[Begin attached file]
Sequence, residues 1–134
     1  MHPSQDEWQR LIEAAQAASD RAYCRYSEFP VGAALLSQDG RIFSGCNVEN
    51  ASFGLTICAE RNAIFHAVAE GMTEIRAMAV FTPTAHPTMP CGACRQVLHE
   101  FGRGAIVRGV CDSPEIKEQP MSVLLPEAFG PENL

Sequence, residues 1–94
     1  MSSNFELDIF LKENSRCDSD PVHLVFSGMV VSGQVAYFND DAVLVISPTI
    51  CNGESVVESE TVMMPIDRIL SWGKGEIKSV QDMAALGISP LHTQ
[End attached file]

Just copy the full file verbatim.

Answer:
Sequence, residues 1–134
     1  MHPSQDEWQR LIEAAQAASD RAYCRYSEFP VGAALLSQDG RIFSGCNVEN
    51  ASFGLTICAE RNAIFHAVAE GMTEIRAMAV FTPTAHPTMP CGACRQVLHE
   101  FGRGAIVRGV CDSPEIKEQP MSVLLPEAFG PENL

Sequence, residues 1–94
     1  MSSNFELDIF LKENSRCDSD PVHLVFSGMV VSGQVAYFND DAVLVISPTI
    51  CNGESVVESE TVMMPIDRIL SWGKGEIKSV QDMAALGISP LHTQ